`help`tab in the upper right window of spyder. Notice that you can even get help for functions defined in your own code, if you have written documentation for them. For example, click on the definition of the`plot_histogram`function, then type`Ctrl+i`and see what appears in the Help window. Or just type`help(plot_histogram)`in the interpreter. Notice where the documentation comes from in the code we wrote. - Often it's most appropriate to just search the Internet, if you want more general information, don't know the name of the function you're looking for, want examples of how to use particular functions, or whatever.

When you type `distribution` into the interpreter, the output is the value of the `distribution` variable. It is a dictionary that represents a probability distribution over different characters.

Look at the top of the main body of code where the probabilities of each outcome in `distribution` are defined, and compare them to the values output by the interpreter.
You might see some tiny differences. For example, the probability of `a` is defined as 0.2, but might be printed as 0.20000000000000001. Other results later in the lab might also be slightly different than you expect.
This is because tiny rounding errors can happen when the computer converts numbers from base 10 (which we use) to base 2 (which the computer uses internally) and back again. Most programming languages only show numbers to five or six decimal places, so you won't see the error, but Python shows more, so you do see it.

Now, type `%run lab3.py` again and look at the plot. The plot has two sets of bars, "True" and "Est". "True" plots the probabilities of the different outcomes defined by the `distribution` variable. "Est" will eventually plot the probabilities as estimated from some data. Right now the values of the bars are incorrect.

Look now at what else was printed out in the interpreter window. By looking at the printout, the variable explorer window, and the code, can you see what `str_list`, `str_counts`, and `str_probs` are intended to be, and what datatypes they are? Which of these three variables has an incorrect value?

Look at the function `normalize_counts`. What is this function supposed to do? What is it actually doing? Fix the function so that it does what it is supposed to do. (You may want to use the `sum` function to help you.)

What is a simple error check you could perform on the return value of `normalize_counts` to make sure it is a probability distribution?

After you fix the `normalize_counts` function, rerun the whole file to see a comparison between two distributions. One is the *true* distribution over characters. The other is an *estimate* of that distribution which is based on the observed counts of each character in the randomly generated sequence (which in turn was generated from the true distribution).

What is the name for the kind of estimate produced here?

Now look at the plot comparing the true and estimated distributions. Notice that there are several letters that have very low probability under the true distribution. Due to random chance, some of them will occur in the randomly generated sequence and some will not.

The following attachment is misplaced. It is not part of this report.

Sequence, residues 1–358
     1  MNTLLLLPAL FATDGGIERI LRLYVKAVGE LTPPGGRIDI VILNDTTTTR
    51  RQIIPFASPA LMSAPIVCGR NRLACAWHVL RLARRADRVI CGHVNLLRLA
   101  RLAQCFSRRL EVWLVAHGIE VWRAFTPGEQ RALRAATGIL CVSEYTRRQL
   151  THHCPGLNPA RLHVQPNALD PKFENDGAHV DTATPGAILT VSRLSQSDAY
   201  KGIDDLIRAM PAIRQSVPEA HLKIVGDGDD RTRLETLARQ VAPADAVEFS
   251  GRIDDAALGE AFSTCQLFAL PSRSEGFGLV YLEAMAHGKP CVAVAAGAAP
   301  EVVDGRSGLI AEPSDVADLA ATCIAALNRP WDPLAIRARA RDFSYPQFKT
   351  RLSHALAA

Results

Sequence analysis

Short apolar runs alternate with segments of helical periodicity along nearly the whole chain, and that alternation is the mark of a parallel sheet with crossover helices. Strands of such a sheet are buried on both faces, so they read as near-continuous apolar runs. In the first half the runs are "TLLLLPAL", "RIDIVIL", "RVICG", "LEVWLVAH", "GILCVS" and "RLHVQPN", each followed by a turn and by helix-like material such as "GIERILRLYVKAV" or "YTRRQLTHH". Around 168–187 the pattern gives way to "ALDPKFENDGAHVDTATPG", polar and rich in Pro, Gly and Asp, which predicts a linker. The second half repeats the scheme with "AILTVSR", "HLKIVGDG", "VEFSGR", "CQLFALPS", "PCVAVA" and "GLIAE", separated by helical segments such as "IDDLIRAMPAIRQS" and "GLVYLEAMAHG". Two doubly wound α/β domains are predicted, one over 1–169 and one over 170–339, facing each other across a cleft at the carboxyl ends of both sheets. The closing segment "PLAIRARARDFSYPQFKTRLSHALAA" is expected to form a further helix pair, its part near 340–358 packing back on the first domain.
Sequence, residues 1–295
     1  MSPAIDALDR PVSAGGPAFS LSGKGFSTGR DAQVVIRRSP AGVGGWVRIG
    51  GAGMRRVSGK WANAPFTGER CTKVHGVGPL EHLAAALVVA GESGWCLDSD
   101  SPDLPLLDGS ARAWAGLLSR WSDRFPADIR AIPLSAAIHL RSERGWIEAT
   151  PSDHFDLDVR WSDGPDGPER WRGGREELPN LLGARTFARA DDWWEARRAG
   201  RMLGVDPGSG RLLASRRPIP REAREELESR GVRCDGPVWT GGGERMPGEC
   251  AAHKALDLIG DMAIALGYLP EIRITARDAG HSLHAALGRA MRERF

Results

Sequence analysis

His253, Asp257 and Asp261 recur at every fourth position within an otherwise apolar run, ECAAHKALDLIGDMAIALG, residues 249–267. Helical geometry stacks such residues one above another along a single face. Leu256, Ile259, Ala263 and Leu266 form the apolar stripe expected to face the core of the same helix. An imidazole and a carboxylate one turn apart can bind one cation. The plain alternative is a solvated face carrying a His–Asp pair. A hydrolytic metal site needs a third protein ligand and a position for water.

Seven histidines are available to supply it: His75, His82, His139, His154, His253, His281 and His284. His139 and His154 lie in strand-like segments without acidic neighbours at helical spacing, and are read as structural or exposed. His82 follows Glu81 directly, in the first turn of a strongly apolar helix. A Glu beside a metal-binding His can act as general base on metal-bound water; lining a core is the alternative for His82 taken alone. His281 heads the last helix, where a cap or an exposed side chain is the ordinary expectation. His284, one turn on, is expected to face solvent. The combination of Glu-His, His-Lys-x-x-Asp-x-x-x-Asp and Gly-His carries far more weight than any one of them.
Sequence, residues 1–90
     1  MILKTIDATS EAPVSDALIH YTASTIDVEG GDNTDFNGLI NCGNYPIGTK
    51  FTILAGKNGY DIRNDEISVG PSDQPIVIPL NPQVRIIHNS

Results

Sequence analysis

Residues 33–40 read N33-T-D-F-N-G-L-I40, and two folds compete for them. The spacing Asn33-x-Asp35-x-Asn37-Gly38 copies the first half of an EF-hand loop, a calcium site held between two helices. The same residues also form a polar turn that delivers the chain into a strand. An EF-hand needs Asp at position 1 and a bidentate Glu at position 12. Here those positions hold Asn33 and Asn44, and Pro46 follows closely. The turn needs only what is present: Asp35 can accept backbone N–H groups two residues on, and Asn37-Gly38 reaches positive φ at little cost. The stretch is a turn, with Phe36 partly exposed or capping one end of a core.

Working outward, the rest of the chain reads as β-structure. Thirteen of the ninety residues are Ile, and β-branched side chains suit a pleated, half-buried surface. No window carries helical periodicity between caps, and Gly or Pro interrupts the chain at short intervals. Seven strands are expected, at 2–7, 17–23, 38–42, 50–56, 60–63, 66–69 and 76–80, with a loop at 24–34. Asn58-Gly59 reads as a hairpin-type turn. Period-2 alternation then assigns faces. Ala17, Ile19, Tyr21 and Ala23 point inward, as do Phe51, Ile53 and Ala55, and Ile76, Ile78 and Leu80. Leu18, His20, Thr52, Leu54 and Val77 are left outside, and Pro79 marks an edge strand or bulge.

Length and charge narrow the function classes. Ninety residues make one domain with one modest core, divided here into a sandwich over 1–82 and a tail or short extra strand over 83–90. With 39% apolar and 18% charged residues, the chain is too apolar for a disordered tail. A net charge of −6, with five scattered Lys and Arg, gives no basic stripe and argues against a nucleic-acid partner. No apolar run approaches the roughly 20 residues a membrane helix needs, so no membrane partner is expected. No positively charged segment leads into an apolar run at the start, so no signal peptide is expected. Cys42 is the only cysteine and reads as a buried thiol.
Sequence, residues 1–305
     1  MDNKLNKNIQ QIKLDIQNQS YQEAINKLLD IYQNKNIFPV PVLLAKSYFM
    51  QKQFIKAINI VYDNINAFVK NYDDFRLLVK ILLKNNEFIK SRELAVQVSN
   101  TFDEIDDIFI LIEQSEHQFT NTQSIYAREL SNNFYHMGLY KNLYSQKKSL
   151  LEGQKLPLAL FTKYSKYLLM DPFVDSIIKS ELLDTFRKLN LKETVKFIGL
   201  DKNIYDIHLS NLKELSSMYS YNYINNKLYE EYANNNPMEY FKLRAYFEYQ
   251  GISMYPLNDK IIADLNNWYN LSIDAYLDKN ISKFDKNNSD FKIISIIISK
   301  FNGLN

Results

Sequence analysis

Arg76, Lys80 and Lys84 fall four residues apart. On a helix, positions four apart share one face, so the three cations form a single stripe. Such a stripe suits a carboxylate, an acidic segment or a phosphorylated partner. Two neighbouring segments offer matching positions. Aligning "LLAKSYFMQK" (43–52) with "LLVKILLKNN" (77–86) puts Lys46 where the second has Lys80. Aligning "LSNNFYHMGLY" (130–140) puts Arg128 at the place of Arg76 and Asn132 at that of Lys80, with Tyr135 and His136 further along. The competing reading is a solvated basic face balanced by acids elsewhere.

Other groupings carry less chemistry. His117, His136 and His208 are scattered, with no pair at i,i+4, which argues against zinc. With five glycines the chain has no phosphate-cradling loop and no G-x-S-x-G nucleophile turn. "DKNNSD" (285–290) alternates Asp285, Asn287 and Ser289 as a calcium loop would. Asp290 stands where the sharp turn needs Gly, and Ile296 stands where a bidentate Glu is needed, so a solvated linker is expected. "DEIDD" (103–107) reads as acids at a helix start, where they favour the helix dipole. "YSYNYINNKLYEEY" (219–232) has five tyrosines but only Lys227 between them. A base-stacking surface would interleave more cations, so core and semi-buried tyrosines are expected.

For the low-probability letters that *do* occur in the sequence, are their estimated probabilities generally higher or lower than the true probabilities? What about for the low-probability letters that *do not* occur in the sequence?

Change the code so that the length of the generated sequence is much smaller or much larger than 50 and rerun the code. Are the estimated probabilities more or less accurate with larger amounts of data? Can you get estimates that no longer include zero probabilities?

Suppose we're estimating unigram word probabilities from a natural language corpus. Would it be possible to adjust the sample size to avoid zero probabilities while still using the same kind of probability estimation you have here? (That is, could you make the corpus big enough to avoid zeros?) Why or why not?

In class, we discussed the *likelihood*, defined as the probability of the observed data given a particular model. Here, our true distribution and estimated distribution are different possible models. Let's find the likelihood of each model.

First, change the code back so that you are generating sequences of length 50 again. You can also comment out the line that produces the plot, since we won't be using it again.

Next, fill in the correct code in the `compute_likelihood` function so that it returns the probability of a sequence of data (first argument) given the model provided as the second argument.

The function you just defined is being used to compute two different likelihoods using the generated sequence of 50 characters: first, the likelihood of the true distribution, and then the likelihood of the estimated distribution. Look at the values being printed out. Which model assigns higher probability to the data? By how much? (You may want to run the code a few times to see how these values change depending on the particular random sequence that is generated each time.)

*Note*: make sure you are familiar with the *floating-point notation* used by Python (and other computer programs): A number like 1.2e4 means 1.2 x 10^{4} or 12000, similarly 1.2e-4 means 1.2 x 10^{-4} or .00012

Increase the length of the random sequence of data to 500 characters. You should find that your program now says both likelihoods are 0. Is that correct? Do you know why this happened?